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drawing on history

“Drawing on History” is one of artist Paulette Traverso’s ongoing bodies of work. Her lifelong passion for vintage photos, the spark of an idea, and access to an unusually large number of images, created the right conditions for what was to become “Drawing on History”.  The initial concept was to work in color on black and white portraits. But as in all journeys, creative and otherwise, Ms. Traverso finds it best to go with one’s intuition.  And so in 2011 began the ink drawings on photos. The first year was dedicated almost exclusively to infants and toddlers. Year two moved into adults and some landscapes. And after five years of black and white, new work is emerging this year with color. 

“Drawing on History” now numbers over 400 drawings on Cabinet Cards, Cartes de Visite, RPPC (Real Photo Post Cards) and early vernacular images. They date from the 1860’s to the early 20th century. Discarded, lost, orphaned. The remains of lives we know nothing about. Ms. Traverso, in discussing her process, says “I look at many, many images, waiting until I feel a connection to a particular one. I then focus on that image and begin an inquiry: Who were you? What became of you? Where did you come from? What kind of energy, story, feeling is expressed? Were you unhappy or is that dour look a convention of the unfamiliar process of having your photograph taken? How did you end up in this box at the flea market?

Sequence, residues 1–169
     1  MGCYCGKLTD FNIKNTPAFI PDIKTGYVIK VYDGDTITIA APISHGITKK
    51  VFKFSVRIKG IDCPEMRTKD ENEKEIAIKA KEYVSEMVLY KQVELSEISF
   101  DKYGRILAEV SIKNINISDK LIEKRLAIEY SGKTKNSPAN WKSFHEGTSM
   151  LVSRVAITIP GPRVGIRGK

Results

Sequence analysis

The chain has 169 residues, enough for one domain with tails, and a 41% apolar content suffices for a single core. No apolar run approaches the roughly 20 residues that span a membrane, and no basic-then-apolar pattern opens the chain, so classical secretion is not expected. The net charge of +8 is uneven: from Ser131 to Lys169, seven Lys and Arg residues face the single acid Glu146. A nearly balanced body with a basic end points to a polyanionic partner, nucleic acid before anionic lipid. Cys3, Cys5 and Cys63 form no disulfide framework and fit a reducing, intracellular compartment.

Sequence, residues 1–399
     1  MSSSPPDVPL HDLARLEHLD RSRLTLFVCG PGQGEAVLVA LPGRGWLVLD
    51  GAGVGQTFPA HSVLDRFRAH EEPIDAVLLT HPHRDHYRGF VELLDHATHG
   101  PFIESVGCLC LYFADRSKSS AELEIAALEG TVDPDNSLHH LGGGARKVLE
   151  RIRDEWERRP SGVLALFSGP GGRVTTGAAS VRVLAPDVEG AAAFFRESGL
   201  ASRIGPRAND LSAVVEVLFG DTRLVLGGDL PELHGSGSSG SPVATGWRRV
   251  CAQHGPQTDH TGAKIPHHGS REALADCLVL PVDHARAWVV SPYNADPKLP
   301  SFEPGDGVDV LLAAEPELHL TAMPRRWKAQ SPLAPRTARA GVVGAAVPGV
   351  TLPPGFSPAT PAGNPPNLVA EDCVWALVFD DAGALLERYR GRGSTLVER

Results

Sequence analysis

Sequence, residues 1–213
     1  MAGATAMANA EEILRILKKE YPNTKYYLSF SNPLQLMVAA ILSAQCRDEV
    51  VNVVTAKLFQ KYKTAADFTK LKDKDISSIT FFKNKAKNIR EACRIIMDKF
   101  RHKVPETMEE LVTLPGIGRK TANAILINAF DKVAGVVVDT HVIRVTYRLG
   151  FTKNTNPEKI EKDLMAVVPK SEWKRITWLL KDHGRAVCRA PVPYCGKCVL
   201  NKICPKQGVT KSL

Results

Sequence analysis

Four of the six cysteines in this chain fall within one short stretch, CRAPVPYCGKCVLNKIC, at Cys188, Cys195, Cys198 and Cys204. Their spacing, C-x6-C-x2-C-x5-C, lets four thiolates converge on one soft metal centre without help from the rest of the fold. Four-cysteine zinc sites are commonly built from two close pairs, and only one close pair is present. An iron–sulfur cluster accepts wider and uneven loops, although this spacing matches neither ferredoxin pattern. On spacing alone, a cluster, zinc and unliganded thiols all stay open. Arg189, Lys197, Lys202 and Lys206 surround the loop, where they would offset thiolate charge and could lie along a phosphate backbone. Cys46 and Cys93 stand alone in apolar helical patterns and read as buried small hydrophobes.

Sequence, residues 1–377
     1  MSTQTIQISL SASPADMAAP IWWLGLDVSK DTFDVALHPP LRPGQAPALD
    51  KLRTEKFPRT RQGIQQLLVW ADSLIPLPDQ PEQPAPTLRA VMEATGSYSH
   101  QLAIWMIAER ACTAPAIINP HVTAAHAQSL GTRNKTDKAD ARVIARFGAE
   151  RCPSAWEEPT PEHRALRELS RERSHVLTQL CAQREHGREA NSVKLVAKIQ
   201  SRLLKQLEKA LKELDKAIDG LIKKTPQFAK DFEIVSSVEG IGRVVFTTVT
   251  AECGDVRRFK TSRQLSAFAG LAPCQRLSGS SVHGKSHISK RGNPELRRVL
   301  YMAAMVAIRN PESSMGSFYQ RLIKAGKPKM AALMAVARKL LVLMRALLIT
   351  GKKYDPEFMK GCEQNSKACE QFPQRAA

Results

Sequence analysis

I begin a dialogue with them, in that captured moment. The drawing experience is like a jazz improvisation in ink. I stop when the connection ends. It can be one long dialogue or “conversations” over time before the piece is complete. An intimacy develops with the images that creates a palpable bond that I re-experience looking at them, much like the feeling when meeting old friends.”